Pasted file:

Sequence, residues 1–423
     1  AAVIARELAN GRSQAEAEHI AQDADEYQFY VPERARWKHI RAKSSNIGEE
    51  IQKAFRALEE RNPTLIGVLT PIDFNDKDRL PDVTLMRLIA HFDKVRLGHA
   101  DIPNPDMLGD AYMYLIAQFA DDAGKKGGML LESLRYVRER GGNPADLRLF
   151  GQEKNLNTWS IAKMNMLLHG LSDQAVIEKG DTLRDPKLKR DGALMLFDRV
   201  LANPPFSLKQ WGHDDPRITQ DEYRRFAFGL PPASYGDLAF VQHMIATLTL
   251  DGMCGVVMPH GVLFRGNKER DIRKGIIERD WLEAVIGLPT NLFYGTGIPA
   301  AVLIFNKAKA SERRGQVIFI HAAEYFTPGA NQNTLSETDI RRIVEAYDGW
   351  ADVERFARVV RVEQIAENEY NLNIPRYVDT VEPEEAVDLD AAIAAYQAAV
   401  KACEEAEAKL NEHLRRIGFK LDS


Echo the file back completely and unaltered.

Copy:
Sequence, residues 1–423
     1  AAVIARELAN GRSQAEAEHI AQDADEYQFY VPERARWKHI RAKSSNIGEE
    51  IQKAFRALEE RNPTLIGVLT PIDFNDKDRL PDVTLMRLIA HFDKVRLGHA
   101  DIPNPDMLGD AYMYLIAQFA DDAGKKGGML LESLRYVRER GGNPADLRLF
   151  GQEKNLNTWS IAKMNMLLHG LSDQAVIEKG DTLRDPKLKR DGALMLFDRV
   201  LANPPFSLKQ WGHDDPRITQ DEYRRFAFGL PPASYGDLAF VQHMIATLTL
   251  DGMCGVVMPH GVLFRGNKER DIRKGIIERD WLEAVIGLPT NLFYGTGIPA
   301  AVLIFNKAKA SERRGQVIFI HAAEYFTPGA NQNTLSETDI RRIVEAYDGW
   351  ADVERFARVV RVEQIAENEY NLNIPRYVDT VEPEEAVDLD AAIAAYQAAV
   401  KACEEAEAKL NEHLRRIGFK LDS